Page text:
6th Victor Martinez Victor Martinez Victor Martinez Victor Martinez Victor Martinez Victor Martinez Alex Avila Victor Martinez Nick Castellanos Justin Upton
7th James McCann James McCann James McCann James McCann Jose Iglesias Nick Castellanos Victor Martinez James McCann Victor Martinez Victor Martinez
8th JaCoby Jones JaCoby Jones JaCoby Jones JaCoby Jones JaCoby Jones Jose Iglesias JaCoby Jones JaCoby Jones Jose Iglesias JaCoby Jones
9th Jose Iglesias Jose Iglesias Jose Iglesias Jose Iglesias Alex Avila JaCoby Jones Jose Iglesias Jose Iglesias JaCoby Jones Jose Iglesias

Brandon: The first five hitters are fairly interchangeable. I like Victor Martinez batting sixth, because Justin Upton and J.D. Martinez are both obviously better baserunners and better hitters than Victor. If Martinez can at least produce something of his usual blend of singles and home runs, those guys are decently positioned to run the bases well enough to score a lot of runs. Because Victor and the catchers can’t run, it makes sense to pair them before turning things over to weaker, faster players at the bottom of the lineup. Hopefully they can set the table for Kinsler and the big bats the second time through the order and beyond.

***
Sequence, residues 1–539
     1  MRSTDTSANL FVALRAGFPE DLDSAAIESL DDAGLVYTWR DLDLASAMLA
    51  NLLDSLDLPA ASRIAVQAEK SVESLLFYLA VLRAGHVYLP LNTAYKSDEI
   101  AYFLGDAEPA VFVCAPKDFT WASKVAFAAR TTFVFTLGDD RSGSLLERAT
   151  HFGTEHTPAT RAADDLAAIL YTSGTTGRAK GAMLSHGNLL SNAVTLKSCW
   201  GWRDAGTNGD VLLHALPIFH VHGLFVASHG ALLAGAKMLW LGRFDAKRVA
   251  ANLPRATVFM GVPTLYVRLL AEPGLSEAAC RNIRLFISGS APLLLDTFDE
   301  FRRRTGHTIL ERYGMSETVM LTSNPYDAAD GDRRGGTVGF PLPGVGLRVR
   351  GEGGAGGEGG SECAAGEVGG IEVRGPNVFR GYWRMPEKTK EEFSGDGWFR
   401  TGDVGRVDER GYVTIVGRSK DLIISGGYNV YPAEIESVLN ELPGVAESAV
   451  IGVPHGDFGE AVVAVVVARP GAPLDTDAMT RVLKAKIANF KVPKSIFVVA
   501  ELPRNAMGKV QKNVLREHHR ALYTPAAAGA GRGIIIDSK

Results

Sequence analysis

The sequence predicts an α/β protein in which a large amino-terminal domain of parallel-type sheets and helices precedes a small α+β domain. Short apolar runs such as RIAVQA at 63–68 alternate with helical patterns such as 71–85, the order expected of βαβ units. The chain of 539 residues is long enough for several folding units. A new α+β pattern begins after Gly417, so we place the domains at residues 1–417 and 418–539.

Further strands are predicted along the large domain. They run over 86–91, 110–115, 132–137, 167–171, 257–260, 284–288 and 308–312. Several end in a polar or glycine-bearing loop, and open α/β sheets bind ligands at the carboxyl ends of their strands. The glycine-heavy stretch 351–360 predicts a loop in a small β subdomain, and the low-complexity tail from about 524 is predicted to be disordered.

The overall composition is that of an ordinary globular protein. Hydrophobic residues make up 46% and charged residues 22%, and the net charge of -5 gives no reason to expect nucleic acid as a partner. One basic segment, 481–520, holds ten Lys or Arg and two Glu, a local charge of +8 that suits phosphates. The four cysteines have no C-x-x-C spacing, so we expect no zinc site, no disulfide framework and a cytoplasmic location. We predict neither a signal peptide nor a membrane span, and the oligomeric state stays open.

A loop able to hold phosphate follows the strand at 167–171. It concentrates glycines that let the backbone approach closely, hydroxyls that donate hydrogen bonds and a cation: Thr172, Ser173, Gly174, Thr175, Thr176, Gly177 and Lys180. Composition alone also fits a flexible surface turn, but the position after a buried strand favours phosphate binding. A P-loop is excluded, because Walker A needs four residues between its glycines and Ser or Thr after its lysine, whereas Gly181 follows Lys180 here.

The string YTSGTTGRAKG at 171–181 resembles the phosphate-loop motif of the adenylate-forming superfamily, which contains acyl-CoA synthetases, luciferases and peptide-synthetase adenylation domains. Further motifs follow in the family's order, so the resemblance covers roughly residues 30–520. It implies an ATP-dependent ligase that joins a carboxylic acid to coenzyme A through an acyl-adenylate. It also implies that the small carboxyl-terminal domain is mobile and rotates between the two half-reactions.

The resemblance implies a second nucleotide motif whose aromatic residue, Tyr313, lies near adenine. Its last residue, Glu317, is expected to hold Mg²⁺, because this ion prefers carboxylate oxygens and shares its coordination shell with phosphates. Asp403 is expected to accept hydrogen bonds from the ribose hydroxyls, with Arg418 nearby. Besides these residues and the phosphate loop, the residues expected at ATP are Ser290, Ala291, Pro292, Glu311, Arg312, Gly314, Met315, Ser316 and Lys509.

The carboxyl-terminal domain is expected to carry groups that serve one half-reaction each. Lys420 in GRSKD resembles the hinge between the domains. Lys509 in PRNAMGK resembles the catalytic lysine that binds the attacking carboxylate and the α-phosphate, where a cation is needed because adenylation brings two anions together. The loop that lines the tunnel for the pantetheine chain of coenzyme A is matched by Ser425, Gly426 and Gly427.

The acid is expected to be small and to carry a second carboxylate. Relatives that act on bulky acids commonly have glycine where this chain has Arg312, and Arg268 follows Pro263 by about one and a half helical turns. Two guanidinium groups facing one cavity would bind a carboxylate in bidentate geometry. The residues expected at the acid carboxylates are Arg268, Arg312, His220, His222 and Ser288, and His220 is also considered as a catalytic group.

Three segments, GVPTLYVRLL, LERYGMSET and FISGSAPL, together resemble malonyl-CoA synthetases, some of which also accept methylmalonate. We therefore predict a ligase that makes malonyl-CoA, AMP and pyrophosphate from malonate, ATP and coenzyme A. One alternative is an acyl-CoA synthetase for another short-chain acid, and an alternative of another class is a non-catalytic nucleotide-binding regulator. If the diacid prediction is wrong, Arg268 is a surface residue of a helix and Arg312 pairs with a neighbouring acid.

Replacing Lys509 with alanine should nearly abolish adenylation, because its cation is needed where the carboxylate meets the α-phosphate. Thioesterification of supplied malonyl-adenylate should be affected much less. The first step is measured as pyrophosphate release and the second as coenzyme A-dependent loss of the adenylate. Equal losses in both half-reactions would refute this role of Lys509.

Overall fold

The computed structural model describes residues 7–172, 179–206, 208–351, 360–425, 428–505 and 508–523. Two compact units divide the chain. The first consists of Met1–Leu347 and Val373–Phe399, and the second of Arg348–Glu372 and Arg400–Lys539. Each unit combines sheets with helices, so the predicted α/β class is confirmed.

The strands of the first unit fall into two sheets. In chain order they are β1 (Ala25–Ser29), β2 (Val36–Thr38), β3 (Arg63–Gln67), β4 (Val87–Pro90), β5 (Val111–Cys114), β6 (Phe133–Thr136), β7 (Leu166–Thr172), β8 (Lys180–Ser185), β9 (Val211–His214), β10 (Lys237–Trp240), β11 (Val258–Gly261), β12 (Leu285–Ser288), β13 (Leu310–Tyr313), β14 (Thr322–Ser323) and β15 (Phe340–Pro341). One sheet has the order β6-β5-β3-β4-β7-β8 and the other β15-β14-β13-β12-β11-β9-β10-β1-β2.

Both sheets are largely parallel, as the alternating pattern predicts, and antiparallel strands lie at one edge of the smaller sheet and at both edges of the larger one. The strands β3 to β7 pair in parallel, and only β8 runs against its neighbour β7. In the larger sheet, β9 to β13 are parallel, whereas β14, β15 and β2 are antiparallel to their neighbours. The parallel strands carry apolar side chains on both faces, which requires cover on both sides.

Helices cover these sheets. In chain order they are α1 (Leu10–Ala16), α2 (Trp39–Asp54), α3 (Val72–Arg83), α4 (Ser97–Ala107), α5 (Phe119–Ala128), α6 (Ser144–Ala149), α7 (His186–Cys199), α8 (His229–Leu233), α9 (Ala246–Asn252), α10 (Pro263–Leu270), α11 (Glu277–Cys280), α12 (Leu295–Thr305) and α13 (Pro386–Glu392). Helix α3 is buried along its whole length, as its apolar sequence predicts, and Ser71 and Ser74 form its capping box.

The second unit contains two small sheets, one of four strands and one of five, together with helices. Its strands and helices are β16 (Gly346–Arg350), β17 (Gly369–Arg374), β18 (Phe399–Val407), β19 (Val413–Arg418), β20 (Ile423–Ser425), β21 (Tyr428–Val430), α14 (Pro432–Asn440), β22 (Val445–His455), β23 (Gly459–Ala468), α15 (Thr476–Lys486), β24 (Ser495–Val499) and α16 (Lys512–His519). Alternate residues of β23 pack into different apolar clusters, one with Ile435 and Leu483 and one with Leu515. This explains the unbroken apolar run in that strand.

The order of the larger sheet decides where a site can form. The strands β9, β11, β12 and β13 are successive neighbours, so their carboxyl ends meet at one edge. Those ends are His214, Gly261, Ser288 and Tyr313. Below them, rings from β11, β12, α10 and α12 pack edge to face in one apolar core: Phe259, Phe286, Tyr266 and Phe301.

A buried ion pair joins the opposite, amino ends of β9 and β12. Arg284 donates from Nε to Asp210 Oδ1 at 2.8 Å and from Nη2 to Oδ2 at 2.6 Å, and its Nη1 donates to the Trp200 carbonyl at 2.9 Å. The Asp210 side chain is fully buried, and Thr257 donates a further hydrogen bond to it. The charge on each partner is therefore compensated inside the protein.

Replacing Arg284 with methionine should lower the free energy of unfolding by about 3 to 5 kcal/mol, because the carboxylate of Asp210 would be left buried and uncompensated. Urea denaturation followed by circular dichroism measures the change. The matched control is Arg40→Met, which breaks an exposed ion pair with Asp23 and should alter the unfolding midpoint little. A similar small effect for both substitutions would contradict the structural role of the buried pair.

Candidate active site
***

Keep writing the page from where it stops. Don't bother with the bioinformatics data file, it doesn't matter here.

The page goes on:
Ashley: I’m not going to post a lineup because I completely agree with Brandon’s. I’ll say that it’s definitely time to move Victor down in the lineup. I know purists love that Miguel Cabrera/Victor Martinez/J.D. Martinez combo, but the fact is Victor is not producing like he used to. Bumping him down might yield better results. I like Upton in that cleanup spot. Given that he’s still in the same good form as late last season the Tigers might as well take advantage.. Everything else is par for the course. Jose Iglesias does good work in the No. 9 spot, and the Kinsler/Nick Castellanos/Cabrera 1-2-3 punch will be fearsome.

Cameron: With the top three pretty much solidified, the biggest change needs to come in the middle of the order. Victor Martinez clearly isn't the hitter that he used to be, and therefore shouldn't be hitting cleanup anymore. Not only is he hurting the team by not driving in the runners at the top who are on base, he's hurting the hitters behind him. Even when Victor is on base, he's a station-to-station runner. While run expectancy is a great stat, it doesn't take into account how slow Victor is. If J.D. Martinez and Upton hit behind him, they will lose out on opportunities to drive in runs because Victor doesn't score typically on balls in gaps that would score average runners. Hitting Victor in front of James McCann or Alex Avila would mask that considering those two hitters are pretty much all-or-nothing anyway. With JaCoby Jones or Andrew Romine and Iglesias at the bottom, you have speed in front of the top of the order should they got on base.